Book review: 'The Infinities,' by John Banville

(Courtesy Of Knopf - Courtesy Of Knopf)
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By Troy Jollimore
Saturday, March 6, 2010


By John Banville

Knopf. 273 pp. $25.95

When the Irish novelist John Banville won the Booker Prize for his 2005 novel "The Sea," a lot of people thought: It's about time. Banville is frequently compared to such masters as Beckett and Nabokov, and for years his books have been among the most haunting, beautiful and downright strange in contemporary literature. His latest novel, "The Infinities," is haunting, beautiful and perhaps even stranger than those that preceded it.

"The Sea" began with a memorable sentence: "They departed, the gods, on the day of the strange tide." (Of course, if Banville is capable of writing an unmemorable sentence, he has successfully concealed the evidence.) "The Infinities" takes place in a world in which the gods -- that is, the Olympian gods, Hermes, Zeus and their ilk -- never departed at all. They are still hanging around, passing the time, observing, wryly commenting on and occasionally intervening in the affairs of human beings. "Why in such times as these would the gods come back to be among men?" muses Hermes, who serves as the book's main narrator. "But the fact is we never left -- you only stopped entertaining us. For how should we leave, we who cannot but be everywhere?"

Although Hermes "cannot but be everywhere," he is particularly attached to Arden House, the Irish country home where the distinguished mathematical genius Adam Godley lies dying with his family gathered around him. Adam, whose innovations led to the discovery of cold fusion and thus solved the world's energy crisis, may not seem like an especially dynamic lead character, given the stroke that has left him comatose. But Adam is more alive than it might at first appear. Ursula, his second wife, insists that Adam sometimes opens his eyes and looks at her, and indeed the reader soon discovers that he is still conscious within the decrepit shell of his body. Several of the book's most beautiful and memorable interludes -- Adam's reminiscences, for instance, of a visit to Venice during which he patronized a brothel -- take place entirely within the confines of his head.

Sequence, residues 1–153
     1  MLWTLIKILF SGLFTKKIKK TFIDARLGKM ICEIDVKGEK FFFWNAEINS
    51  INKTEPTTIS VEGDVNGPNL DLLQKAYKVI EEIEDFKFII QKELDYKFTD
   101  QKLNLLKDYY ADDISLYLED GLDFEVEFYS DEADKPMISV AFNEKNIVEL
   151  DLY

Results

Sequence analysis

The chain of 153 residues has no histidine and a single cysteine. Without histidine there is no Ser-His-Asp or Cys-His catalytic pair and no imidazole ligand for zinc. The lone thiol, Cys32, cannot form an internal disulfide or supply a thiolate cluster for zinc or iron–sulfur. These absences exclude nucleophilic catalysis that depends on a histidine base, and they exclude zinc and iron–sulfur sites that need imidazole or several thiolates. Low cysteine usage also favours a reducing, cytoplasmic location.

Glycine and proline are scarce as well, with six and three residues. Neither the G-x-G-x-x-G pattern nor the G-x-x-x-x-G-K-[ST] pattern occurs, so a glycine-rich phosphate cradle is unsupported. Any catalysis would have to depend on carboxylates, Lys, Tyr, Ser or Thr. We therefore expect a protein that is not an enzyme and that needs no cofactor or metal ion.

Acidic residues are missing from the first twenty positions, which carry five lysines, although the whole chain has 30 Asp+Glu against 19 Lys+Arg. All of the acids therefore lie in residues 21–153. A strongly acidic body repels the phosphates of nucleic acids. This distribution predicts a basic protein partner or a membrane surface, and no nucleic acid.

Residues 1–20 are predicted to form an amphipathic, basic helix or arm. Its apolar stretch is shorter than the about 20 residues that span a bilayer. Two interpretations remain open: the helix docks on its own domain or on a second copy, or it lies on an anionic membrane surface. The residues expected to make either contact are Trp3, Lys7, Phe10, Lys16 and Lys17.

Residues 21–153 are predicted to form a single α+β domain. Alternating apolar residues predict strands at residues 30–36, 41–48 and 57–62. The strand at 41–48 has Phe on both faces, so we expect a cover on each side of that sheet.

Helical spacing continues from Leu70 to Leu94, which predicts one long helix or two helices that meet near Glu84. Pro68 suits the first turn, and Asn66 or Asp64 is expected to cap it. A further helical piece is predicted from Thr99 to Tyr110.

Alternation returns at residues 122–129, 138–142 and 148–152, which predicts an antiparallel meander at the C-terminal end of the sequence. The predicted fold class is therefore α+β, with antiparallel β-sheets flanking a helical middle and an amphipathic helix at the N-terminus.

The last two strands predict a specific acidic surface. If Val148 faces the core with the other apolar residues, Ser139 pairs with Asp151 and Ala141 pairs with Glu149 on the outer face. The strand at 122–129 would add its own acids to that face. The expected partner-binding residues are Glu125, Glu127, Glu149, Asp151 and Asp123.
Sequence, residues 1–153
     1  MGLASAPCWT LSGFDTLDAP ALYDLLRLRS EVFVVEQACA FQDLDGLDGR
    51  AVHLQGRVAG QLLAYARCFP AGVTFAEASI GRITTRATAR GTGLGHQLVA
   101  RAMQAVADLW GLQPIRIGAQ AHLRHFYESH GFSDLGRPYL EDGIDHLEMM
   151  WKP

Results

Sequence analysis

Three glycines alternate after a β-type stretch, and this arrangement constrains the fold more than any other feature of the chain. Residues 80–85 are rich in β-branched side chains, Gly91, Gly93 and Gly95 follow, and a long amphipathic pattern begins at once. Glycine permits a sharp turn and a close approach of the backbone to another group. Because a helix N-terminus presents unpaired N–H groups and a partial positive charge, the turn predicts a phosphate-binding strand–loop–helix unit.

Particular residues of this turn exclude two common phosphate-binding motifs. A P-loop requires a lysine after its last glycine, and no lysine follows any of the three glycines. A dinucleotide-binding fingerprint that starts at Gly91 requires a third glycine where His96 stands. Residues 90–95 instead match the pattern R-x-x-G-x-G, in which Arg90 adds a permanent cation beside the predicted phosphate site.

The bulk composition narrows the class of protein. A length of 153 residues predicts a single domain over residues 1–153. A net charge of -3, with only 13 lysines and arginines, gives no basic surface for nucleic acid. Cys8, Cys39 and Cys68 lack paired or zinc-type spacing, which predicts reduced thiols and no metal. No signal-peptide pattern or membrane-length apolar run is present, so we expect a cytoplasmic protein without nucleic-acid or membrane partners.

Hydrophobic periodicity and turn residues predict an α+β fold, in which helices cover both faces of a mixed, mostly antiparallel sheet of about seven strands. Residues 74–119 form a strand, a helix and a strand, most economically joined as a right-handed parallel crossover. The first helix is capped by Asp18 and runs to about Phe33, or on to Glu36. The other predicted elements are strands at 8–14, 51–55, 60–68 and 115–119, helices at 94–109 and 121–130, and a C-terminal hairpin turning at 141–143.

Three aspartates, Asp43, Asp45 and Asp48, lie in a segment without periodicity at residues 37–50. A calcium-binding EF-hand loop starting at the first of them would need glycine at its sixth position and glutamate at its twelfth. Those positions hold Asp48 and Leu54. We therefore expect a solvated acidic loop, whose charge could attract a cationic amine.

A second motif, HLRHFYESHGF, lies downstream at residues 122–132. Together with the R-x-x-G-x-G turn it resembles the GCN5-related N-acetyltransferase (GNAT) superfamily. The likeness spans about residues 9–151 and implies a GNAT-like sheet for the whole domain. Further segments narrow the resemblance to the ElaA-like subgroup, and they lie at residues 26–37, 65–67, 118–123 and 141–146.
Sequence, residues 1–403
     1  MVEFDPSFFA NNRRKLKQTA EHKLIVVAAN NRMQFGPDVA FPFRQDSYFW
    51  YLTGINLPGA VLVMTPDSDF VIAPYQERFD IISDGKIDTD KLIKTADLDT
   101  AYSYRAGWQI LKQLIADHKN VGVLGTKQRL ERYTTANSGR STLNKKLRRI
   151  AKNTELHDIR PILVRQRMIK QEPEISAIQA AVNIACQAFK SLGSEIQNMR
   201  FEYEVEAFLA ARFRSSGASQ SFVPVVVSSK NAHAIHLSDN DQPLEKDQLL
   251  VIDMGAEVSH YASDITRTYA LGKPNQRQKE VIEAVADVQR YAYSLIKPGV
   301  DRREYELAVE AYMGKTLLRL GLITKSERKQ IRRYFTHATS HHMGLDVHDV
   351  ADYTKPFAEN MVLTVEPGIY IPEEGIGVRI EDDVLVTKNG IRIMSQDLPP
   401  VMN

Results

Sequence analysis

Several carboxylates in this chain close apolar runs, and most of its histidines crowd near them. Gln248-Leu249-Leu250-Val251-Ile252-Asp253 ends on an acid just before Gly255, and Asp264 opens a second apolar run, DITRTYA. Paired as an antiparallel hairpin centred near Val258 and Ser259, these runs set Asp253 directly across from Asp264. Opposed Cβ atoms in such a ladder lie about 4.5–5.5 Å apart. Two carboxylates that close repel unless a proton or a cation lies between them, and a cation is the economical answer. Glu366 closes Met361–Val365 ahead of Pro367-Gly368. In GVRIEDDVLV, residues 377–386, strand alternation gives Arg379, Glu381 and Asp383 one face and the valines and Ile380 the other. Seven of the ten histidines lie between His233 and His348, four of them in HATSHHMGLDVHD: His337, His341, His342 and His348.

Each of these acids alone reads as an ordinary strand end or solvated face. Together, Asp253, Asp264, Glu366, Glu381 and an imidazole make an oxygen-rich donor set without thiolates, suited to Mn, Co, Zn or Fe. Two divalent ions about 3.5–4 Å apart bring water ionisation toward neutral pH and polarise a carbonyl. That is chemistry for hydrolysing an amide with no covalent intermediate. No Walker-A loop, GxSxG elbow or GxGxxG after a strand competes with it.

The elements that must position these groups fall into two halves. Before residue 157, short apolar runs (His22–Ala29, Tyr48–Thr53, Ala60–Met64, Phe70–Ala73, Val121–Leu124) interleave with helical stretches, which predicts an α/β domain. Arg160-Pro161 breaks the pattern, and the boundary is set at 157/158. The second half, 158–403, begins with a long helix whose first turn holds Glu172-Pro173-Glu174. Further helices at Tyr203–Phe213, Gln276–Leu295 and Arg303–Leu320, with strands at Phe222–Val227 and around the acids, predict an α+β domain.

These episodes might be narrated by Adam, or they might be related by Hermes himself: Hermes not only reads minds but enters them, and it is often impossible to tell exactly who is in possession of the narrative football. (It is worth noting that in addition to being a patron of cowherds, thieves and liars, Hermes is also a patron of boundaries and of those who cross them.) This might sound frustrating, but in fact the reader's frequent uncertainty as to the identity of the narrator, like the apparent instability of historical fact and the psychological inscrutability of most of the major characters, adds to the novel's power.

"The truly mysterious ones," Hermes says of Adam, "are the ones who are most familiar to him, his sad wife, his neglected offspring, his desired daughter-in-law. That they should have an existence independent of him, and, indeed, of each other, too, is an affront to the laws of -- of what?" The question that ends that contemplation is never definitively answered, like so many of the questions that will confront the reader. Did Adam's son make love to his beautiful wife early this morning, or was her lover in fact the god Zeus in disguise? ("Oh, Dad," the discomfited Hermes groans, more than once, in response to his father's antics.) Is Adam's daughter, who has set herself the task of compiling the first complete list of human diseases, genuinely mad or touched by divinity, or both? What does that highly odd visitor want, what role did he play in Adam's life and is he really, as Hermes suggests, the god Pan in disguise? Why is Arden so oddly isolated from the rest of the world? And why is the novel set in an alternate reality in which Sweden is a warlike nation, in which Goethe is a forgotten writer, and in which Alfred Wallace is popularly credited with the (now discredited!) theory of evolution?

Ultimately, "The Infinities" is a kind of mystery novel, one that respects its mysteries too much to try to resolve them. The real subject of this unforgettable, beautifully written book is nothing less than the enigma of mortal existence. And who better than a cast of lusty, bemused, mischievous and quite possibly imaginary immortals to cast a new light on that?

Jollimore is the author of "Tom Thomson in Purgatory," which won the National Book Critics Circle award for poetry for 2006.

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